Sunday, June 25, 2017

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A Christian Disorder

Anthony McIntyre writes on the phenomenon of Christian arrogance as evidenced in one response to the death of Dr Ann Louise Gilligan.




When people take to telling me that they are Christian, with the implied suggestion that I should think more highly of them for it, a "give a wide berth" alert flashes across my mind. Much like we cross the road to avoid the sandwich board fool proclaiming the end of the world is upon us while simultaneously entreating us to repent of our sins. When the path to salvation lies in listening to prancing clowns waving bibles, I am beyond redemption.  

A while back I was confronted by a youngish man in Dublin's O'Connell Street blathering on about Jesus, sinners and Hell, while trying to thrust leaflets into the hands of passers-by. I asked him his age - 19. I then suggested to him he should be off boozing and enjoying a good ride rather than bothering Saturday shoppers. You would have thought by the look on his face he had just encountered the devil.

It is not Christianity alone that seems sinister to me: any belief system grounded in irrationality, in which people equipped with the power of reason their god supposedly gave them are expected to abandon it and defer to everything that stands in contrast to reason solely on the basis of faith, seems off the wall. H. L. Mencken concisely but insightfully defined faith "as an illogical belief in the occurrence of the improbable."


Not all Christians prefer hubris to humility. Many of them seem guided in their daily lives more by the theology of liberation and not that of domination.  They are not the preaching type. More in the vein of Helder Camara than Joseph Ratzinger, they never make it beyond the archbishopric to those lofty heights where Cardinal sinners exercise a monopoly.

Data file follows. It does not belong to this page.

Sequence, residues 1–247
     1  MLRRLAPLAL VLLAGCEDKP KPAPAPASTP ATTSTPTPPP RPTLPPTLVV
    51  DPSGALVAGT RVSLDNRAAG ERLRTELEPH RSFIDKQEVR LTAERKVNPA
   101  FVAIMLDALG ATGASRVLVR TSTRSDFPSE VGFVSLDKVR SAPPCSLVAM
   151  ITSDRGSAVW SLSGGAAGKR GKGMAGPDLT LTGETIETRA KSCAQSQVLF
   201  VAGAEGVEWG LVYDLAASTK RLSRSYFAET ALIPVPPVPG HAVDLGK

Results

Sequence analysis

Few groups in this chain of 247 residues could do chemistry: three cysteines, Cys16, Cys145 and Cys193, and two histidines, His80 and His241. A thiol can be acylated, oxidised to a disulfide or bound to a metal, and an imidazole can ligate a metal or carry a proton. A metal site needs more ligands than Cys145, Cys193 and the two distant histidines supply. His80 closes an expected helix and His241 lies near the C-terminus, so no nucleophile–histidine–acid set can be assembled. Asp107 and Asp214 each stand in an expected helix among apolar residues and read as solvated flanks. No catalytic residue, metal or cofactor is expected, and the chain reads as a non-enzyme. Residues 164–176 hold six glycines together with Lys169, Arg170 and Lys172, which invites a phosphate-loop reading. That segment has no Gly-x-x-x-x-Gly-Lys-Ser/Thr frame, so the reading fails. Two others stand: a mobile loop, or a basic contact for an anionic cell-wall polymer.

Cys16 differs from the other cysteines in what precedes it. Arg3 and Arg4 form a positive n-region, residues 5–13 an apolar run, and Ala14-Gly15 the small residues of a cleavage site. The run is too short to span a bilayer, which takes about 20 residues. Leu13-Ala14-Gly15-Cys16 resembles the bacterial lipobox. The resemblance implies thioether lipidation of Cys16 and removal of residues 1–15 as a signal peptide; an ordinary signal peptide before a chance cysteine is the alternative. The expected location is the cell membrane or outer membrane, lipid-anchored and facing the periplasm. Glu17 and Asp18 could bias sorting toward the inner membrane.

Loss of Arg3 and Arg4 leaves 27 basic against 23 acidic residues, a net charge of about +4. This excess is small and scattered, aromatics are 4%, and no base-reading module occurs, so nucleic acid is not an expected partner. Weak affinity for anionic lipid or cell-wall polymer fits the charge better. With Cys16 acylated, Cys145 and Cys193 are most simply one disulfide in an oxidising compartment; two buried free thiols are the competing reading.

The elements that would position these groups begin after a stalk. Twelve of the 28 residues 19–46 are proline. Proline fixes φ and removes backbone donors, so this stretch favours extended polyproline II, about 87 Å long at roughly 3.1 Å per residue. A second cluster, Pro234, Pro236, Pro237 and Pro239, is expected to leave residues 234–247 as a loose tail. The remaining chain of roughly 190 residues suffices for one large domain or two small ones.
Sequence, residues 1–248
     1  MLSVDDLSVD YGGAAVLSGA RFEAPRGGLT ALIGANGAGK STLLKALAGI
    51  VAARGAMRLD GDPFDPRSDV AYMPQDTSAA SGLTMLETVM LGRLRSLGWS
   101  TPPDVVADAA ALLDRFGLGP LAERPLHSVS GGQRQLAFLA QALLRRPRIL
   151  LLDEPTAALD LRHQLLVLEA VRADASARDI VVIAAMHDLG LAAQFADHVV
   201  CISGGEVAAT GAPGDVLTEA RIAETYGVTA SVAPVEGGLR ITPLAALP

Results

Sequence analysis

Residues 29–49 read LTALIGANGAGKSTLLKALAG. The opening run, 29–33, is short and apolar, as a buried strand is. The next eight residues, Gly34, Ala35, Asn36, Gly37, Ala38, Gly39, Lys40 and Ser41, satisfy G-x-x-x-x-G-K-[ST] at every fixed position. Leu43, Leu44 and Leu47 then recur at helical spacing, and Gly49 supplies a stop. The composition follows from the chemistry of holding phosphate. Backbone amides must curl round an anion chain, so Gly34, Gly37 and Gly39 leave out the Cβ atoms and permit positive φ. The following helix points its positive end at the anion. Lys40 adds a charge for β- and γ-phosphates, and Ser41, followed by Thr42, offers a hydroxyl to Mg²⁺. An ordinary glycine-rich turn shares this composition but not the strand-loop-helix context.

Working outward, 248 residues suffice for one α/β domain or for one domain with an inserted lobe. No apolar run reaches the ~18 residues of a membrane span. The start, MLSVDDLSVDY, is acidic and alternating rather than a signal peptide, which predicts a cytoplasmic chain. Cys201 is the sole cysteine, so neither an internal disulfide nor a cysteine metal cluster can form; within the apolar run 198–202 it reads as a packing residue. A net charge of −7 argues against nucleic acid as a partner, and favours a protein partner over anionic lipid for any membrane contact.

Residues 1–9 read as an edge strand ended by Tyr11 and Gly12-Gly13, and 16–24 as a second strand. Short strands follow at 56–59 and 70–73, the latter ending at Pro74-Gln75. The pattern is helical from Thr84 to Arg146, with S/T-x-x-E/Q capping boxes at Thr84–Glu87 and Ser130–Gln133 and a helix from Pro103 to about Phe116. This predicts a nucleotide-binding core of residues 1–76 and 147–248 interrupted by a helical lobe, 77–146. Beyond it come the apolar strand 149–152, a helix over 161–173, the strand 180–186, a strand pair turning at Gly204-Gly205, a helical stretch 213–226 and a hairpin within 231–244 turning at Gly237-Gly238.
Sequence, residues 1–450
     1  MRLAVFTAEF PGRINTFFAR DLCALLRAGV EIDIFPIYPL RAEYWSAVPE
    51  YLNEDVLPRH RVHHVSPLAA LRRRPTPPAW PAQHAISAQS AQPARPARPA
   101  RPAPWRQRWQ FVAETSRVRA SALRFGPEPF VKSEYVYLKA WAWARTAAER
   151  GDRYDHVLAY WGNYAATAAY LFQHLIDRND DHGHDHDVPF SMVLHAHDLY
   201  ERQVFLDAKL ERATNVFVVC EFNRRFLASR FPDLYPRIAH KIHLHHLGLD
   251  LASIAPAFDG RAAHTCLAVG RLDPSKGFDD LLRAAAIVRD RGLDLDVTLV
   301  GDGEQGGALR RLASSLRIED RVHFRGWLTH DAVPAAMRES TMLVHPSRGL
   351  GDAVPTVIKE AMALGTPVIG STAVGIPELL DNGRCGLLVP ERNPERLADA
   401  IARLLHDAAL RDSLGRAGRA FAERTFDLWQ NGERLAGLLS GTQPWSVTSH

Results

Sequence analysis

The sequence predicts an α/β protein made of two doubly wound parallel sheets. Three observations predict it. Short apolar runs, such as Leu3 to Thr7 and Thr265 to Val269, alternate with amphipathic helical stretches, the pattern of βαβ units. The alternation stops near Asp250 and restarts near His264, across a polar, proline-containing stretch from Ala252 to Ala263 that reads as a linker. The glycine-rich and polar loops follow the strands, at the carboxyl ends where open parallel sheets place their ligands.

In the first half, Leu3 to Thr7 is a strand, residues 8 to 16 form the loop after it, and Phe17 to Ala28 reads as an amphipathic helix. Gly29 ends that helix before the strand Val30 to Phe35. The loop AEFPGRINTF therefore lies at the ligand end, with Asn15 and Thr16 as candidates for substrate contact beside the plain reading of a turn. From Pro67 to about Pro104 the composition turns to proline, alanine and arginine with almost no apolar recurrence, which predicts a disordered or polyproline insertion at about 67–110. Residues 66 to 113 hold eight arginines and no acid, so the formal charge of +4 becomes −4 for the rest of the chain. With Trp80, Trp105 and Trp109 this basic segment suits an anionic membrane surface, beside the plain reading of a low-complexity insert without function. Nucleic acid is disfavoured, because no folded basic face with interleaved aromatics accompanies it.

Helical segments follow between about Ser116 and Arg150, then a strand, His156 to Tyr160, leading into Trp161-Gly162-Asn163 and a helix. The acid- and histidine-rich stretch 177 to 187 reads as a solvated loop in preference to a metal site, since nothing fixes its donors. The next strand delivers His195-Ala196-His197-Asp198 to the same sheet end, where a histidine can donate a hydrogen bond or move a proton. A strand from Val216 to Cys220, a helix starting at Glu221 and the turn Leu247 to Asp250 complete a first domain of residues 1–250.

Still, the Orwellian character of much Christian posturing, is hard to deny. In Nineteen Eighty Four the Ministry of Love practiced hate. There is something of that to be found among the Christians. 

Following the death of Dr Ann Louise Gilligan, spouse of Children’s Minister ­Katherine Zappone,  words of condolence were ostensibly offered via email by Professor Ciarán Ó Coigligh. The learned professor started out not as he meant to go on but with a velvet touch gentle touch to ease the way for the sharpened steel he intended to thrust into the grieving heart of Zappone:

May the Lord have mercy on the soul of my late good friend and former colleague of almost forty years, Anne Louise Gilligan, and may she rest in peace. It was a privilege to work with Anne Louise and our mutual friend Katherine Zappone over the years on many projects supportive of poor urban and rural students.

With the obligatory pleasantries out of the way he proceeded to the real point of his letter.

same-sex attraction is a disorder that can be overcome and affected individuals restored to orderly sexual orientation; that people are robbed of their human dignity by being defined solely in terms of sexual attraction and grouped under the hideous acronym LGBT; and that a (sexual) relationship between two women or between two men cannot be conjugal, cannot be consummated, and cannot constitute marriage.

This he described as a "Catholic Christian response to same-sex attraction, informed by the latest research in the area." Which made me think that society would be much healthier were it able to overcome and shed itself of the Catholic Christian disorder.

Ó Coigligh referred to his "great sadness to me when Anne Louise told me that she had outgrown her Christian Faith" and then proceeded to rant about the sadness caused him by Katherine Zappone giving: